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Democrats Out of Step in South

Once a stronghold, the region was swept by Bush in 2000. Many voters say the party has strayed too far from the mainstream.

November 13, 2003|John Johnson | Times Staff Writer

GREENVILLE, S.C. — Sam Hudson, a graying, 45-year-old bartender in this former textile town, would never display a Confederate flag. "Not rich enough" to be a Republican, he said, he's a Ralph Nader man who can't understand what's happened to the Democratic Party in the South.

"When I was growing up, everybody was a Democrat," Hudson said this week. "But then it seemed like Democrats were more conservative."

Now they're preoccupied "with all this negative stuff," he said, meaning the gay rights movement. Hudson doesn't mind people living their lives the way they want in private, but "they don't have to be out there having parades."

When former Vermont Gov. Howard Dean made his controversial comment -- for which he later apologized -- about wanting to appeal to guys with Confederate flags on their pickups, political experts were quick to accuse the Democratic presidential candidate of slandering the South with an outdated image straight out of "Tobacco Road."

Confederate flag wavers are "not a group that votes very much of the time. Or if they did, they wouldn't think that a New England Democrat would represent them," said Earl Black, a professor of political science at Rice University in Houston and the author of several books on Southern politics.

But Dean's broader point, that the Democrats need to find a way to reach out to working-class white voters, is on target.

The truth is in the numbers. President Bush defeated Al Gore, 57% to 41%, in South Carolina's 2000 presidential voting on his way to sweeping the South. And just this month, the Democrats lost the governor's mansion in Kentucky for the first time in 32 years.

So what went wrong for the party? And what do the Democrats have to do to fix it?

"A lot," said Joe Erwin, 47, a Levi's-wearing ad executive who is president of the state Democratic Party. "There are so many things we have to do a better job of."

The Republicans, Erwin said, have exploited the worst fears of whites by opposing Democratic efforts to achieve racial justice. "What changed in this state is race," he said. "They've painted the Democrats as the black party."

Some whites in this town of 56,000 on the banks of the Reedy River do admit, sometimes guiltily, that they are troubled by the way Democrats seem to be courting one special interest group or another. If the issue isn't gay pride, it's abortion rights. Interviews in bars, restaurants and shops show the conservative shift is a result of vast cultural changes that have occurred here in recent decades.

"A really important fact," Black said, "is the rise of the middle class in the South that didn't exist 50 years ago." Back then, it was a region of haves and have-nots, with the wealthy mill and mine owners on one side and the sharecroppers and mine workers on the other. The Democratic Party was a vital ally in the fight for decent wages and working conditions.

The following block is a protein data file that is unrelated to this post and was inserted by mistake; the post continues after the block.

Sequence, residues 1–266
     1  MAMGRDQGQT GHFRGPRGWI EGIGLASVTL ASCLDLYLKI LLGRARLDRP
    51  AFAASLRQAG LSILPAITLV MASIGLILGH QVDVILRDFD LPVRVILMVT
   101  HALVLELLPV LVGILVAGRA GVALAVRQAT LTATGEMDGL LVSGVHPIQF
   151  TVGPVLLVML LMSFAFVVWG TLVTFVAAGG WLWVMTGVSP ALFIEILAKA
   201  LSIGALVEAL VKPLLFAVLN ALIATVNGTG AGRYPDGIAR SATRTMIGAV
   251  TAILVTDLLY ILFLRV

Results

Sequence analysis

A tour of Greenville shows just how much things have changed: Once described as "bombed-out," Main Street has become a glittery row of restaurants catering to immigrants flocking here from Germany, France and England, among other places. They come to work at the factories of General Electric, Michelin, Lockheed-Martin and BMW. And BMW is endowing a graduate school of automobile engineering at nearby Clemson University that is expected to produce 20,000 jobs.

Now, instead of pickups, "you'll see more BMWs per square inch driving down the street" than most places, Greenville Mayor Knox White said. "Our foreign investment is the highest per capita in the U.S.," boasted White, an immigration attorney whose father owned a small textile company here.

That's not to say no one here is struggling to make ends meet. It's just that there are not enough low-wage earners to fuel class rage, Erwin said.

According to a 2000 report by the University of South Carolina's Darla Moore school of business, the state's per capita income since 1970 has grown faster than the nation's. The state has shifted from manufacturing -- mainly textile and apparel -- to a more diversified economy of service, trade and modern manufacturing.

The economic success in the region that includes Greenville "is in large part due to the growing network of automotive related industry," the study said.

At the same time, 18,000 manufacturing jobs were lost across the state over the past year -- which has spurred criticism of Bush economic policies from leading state Democrats. "I don't want horrible things to happen so the Democrats can gain," Erwin said. "But if this keeps up you're going to see Democrats start to win."

Although unemployment in South Carolina is up a tick or two to 7%, and GE has announced a new round of layoffs from its turbine plant, he said, there's not enough pain out there right now to threaten Bush in South Carolina next year.

"This is clearly a Bush state," the Democratic Party chief said. "But there is a growing frustration."

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